My name is Lara, I am a currently studying Social Work at Plymouth University and Capstone Foster Care has been my final practice placement. At Capstone I have been made to feel valued and part of the team, while encouraged to develop my knowledge around attachment and the effects of childhood trauma.

The priority at Capstone is improving the lives of children and young people through finding them stable and nurturing placements. I have had the opportunity to take part in the many training opportunities offered to staff and foster carers, on a variety of subjects to support reparative parenting.

A highlight of my time at Capstone has been working with our foster carers and the young people they support. I have enjoyed meeting talented, resilient young people who are achieving their goals and making plans for their futures.

Through a lot of hard work, commitment and compassion foster carers are providing children with a nurturing environment in which children and young people can thrive. Working with a team of child-focussed social workers and foster carers has been a fantastic opportunity in my professional development.


On the 15th April our Devon carers and children had a get together at Crealy Family Park. Capstone have held this type of event over the Easter period for 3 years now, and this year proved yet another great success with children making new friends and carers meeting and supporting each other with advice and friendship.

The Easter Egg hunt was fun and through some fantastic team work clues were solved and each of the children received an egg from the gigantic (but not scary) Easter Bunny.

You cannot understate the value these events have for our children… Knowing they are not the only ones living in foster care and that other children have shared experiences too can be very therapeutic and a lot of fun!  The event enabled our children to meet up, some of whom had been on respite together previously – it was the perfect opportunity to see friendships flourish.


Sharon and David Radford began fostering after having enjoyed parenting their own 2 children. Before they knew it their children had grown into mature young adults who no longer needed so much of their time, and so they began their foster care journey – an experience they both found enlightening.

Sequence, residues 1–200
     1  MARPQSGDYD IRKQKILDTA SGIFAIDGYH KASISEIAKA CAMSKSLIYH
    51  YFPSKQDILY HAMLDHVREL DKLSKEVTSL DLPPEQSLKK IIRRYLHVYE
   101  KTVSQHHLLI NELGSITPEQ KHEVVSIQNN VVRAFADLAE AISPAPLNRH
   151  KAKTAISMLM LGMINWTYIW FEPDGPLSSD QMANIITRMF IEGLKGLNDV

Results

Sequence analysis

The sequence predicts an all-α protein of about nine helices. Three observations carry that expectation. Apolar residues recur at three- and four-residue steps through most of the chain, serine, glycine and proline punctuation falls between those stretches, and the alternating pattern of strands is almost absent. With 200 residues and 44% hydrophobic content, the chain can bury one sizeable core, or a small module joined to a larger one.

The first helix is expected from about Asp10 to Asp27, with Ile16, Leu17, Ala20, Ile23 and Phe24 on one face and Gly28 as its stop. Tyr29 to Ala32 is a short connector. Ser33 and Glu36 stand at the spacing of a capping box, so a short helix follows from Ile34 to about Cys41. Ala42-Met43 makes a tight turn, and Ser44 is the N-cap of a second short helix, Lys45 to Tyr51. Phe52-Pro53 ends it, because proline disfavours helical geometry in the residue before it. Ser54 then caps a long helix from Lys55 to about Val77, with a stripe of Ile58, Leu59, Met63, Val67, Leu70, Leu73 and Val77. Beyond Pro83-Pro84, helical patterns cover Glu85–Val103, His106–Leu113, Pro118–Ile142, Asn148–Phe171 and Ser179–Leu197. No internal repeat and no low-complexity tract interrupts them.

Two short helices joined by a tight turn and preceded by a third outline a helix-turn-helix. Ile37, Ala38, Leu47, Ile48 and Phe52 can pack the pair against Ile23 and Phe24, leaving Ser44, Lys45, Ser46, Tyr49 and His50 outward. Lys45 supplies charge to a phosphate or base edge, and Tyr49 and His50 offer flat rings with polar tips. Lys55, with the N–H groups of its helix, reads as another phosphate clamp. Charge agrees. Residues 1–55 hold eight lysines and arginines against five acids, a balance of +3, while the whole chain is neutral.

Sharon explained:

‘I learnt so much about myself. For me parts of the process were very difficult, it was a form of counselling and I had to revisit some difficult periods from my life and deal with some issues.

David found the process to be fine however, on occasion felt it was slightly intrusive.

Chloe our daughter, who at the time was 17, loved it and sat in on most sessions and asked questions. She found it to be all very interesting. Luke who is shy and was 19 at the time only offered information when asked, I know he found it to be a long process.’

When Chloe left for university at the age of 18, Sharon had so many mixed emotions. She was proud of her but missed her company. Luke had only recently left home himself and she was also missing him.

Sharon said:

‘We missed the chaos, the noise, the laughter and the joy that we had experienced as parents. We still had so much more to give and felt that we had the skills and patience to offer a fresh start with a bright future to children and young people that had experienced a difficult start to their lives.’

Sharon and David waited months for their first placement. They were nervous but also excited as they had had the opportunity to meet the young person who was to become part of their family a few times before the placement date. They had undertaken a parenting course at a local college prior to the young person joining them and felt we were equipped and ready for the challenge ahead.

Sharon said about her first experience:

‘The main difference that we have experienced is that the young person we have with us has not been nurtured from birth like your own children.

They are very angry and deeply hurt, they build up barriers to protect their feelings. It takes time, patience and understanding to build up a relationship with trust, which can disappear in an instance. They rebel and test your loyalty, pushing your buttons to test you sometimes to the limit.

It can prove to be a long process but with time patience and persistence rewards are sure to come as they slowly learn to trust.

The key similarities to bringing up our birth children and nurturing looked after children is that they all thrive in a loving stable safe home with boundaries, a structured routine and consistency.’

David said:

‘We have been supported by all our Capstone supervising social workers and when faced with difficult times Capstone have always supported and guided us through the storms. They have also been there to share the good times and recognise the hard work we do. We are offered training and support, we feel valued and appreciated.’

 

 


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